The Government of Rwanda has welcomed a 30-year sentence handed down to a self-confessed top Genocide criminal by a Belgian Court, but reckons that it should be the beginning of many cases that should be tried in Belgium.
The Assize Court sentenced Ephraim Nkezabera nicknamed the “Banker of the Genocide” to a 30-year prison term after finding him guilty of Genocide and crimes against humanity including murder and rape committed during the 1994 Genocide against the Tutsi.
Nkenzabera 57, a former Director of Commercial Bank of Rwanda (BCR) did not attend his trial because he is bed-ridden with liver cancer.
“It is a good decision, it had taken too long. Circumstantially, the sentence is fair enough and this should be one of the many cases Belgium has to try,” said Martin Ngoga, the Prosecutor General.
“Belgium has done a commendable job, it has tried many cases but this is not to say it is enough. There are still many suspects in Belgium.”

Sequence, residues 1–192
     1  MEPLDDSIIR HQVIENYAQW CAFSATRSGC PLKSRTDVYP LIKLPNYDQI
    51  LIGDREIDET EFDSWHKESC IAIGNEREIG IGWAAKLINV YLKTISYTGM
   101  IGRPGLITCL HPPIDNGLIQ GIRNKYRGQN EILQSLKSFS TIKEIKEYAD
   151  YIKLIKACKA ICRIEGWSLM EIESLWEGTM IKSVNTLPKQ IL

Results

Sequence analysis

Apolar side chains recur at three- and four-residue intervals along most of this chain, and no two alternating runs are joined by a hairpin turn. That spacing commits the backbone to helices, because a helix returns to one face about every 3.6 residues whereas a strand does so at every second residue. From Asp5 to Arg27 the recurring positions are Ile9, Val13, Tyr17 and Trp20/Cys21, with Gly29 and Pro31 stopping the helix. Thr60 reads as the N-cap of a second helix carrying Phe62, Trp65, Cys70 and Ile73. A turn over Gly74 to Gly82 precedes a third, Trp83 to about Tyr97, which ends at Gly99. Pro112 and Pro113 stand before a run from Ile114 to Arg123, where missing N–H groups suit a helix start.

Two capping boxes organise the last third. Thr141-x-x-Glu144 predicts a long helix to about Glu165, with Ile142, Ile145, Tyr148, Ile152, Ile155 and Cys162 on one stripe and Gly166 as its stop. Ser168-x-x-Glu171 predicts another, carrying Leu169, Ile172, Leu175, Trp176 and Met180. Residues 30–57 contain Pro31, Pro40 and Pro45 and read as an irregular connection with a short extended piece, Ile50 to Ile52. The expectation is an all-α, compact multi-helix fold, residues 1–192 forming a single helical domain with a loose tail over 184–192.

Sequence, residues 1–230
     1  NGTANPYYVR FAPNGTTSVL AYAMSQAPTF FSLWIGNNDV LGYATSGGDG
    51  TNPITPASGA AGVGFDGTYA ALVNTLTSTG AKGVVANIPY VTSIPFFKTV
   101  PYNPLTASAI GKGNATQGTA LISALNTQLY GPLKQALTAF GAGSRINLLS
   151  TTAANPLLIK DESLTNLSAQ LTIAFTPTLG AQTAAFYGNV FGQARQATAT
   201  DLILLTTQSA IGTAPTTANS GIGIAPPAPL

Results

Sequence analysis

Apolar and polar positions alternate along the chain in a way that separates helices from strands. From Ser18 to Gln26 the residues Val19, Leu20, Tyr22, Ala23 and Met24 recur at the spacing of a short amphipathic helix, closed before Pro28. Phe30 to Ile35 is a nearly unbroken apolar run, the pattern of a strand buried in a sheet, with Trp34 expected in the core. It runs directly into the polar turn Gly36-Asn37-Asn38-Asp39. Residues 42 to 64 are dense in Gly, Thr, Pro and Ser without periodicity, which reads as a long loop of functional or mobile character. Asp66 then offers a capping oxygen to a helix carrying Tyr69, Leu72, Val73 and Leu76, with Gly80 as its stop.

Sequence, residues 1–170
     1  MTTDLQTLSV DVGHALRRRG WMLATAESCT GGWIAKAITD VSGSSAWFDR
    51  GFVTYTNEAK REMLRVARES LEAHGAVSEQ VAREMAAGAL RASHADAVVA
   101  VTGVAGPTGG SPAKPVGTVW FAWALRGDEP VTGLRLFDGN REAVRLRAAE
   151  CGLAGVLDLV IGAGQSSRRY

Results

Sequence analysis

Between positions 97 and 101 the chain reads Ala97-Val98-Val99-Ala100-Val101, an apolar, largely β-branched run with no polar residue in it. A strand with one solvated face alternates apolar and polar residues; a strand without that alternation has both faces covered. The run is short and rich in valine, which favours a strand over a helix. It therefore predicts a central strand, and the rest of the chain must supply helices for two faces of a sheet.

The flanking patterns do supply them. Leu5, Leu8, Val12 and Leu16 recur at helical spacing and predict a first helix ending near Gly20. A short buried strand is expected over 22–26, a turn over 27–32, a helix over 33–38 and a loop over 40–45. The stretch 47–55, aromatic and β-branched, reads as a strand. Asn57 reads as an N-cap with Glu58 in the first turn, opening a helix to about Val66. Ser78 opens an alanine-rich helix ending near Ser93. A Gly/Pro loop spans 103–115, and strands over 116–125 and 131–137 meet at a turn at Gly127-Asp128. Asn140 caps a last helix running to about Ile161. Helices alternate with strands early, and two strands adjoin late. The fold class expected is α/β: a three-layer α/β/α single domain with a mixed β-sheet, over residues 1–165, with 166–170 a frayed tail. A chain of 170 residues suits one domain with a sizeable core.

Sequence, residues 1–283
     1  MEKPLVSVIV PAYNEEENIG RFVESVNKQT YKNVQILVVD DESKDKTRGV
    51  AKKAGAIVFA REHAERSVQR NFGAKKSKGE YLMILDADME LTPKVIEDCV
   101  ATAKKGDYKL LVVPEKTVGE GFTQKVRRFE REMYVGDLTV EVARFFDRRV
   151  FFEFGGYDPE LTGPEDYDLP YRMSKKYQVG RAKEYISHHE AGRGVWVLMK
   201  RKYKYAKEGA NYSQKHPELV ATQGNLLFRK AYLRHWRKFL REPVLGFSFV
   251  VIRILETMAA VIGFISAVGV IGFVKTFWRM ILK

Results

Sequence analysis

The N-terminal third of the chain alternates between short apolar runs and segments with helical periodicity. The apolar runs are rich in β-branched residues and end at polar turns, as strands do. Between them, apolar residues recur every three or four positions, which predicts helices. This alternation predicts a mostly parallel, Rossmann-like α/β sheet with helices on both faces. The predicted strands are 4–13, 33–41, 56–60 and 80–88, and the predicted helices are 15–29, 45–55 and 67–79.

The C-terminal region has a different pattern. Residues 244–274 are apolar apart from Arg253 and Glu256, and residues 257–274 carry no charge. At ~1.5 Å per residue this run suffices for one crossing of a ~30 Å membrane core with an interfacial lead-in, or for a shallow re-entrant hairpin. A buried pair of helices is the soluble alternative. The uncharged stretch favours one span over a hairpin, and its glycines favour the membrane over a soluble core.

Ngoga added that Belgian authorities should go ahead and try many more still hiding in the European country.
During the Tuesday sentencing, the court followed recommendations by the Public Prosecutor who had called for a 30-year sentence, rather than a life term, because the suspect had cooperated during inquiries.
Last month, the prosecuting team made up of Nathalie Michele Hirsch, Olivier Slusny and Frederic Clement Cléty, insisted that the accused was ‘a master manipulator’ who is now using his cancer to escape trial, prompting the court to continue the trial in his absence.
Nkezabera was arrested in 2004 after a decade in hiding. As a banker, he was found to be in charge of financing the militia and furnishing them with arms. He initially fled to the Congo, before going to the Netherlands.
He was arrested on June 21 2004 by the Belgian authorities while hiding at the home of one of his sons in Brussels.
Upon his arrest Nkezabera confessed during the investigation that he had funded and armed the Interahamwe militias and also funded the extremist media house Radio Television Libre des Mille Collines (RTLM).
By his own account, he revealed that he was responsible for the deaths of over 100,000 Tutsi.
He is the eighth person to be convicted of Genocide and crimes against humanity in Belgium.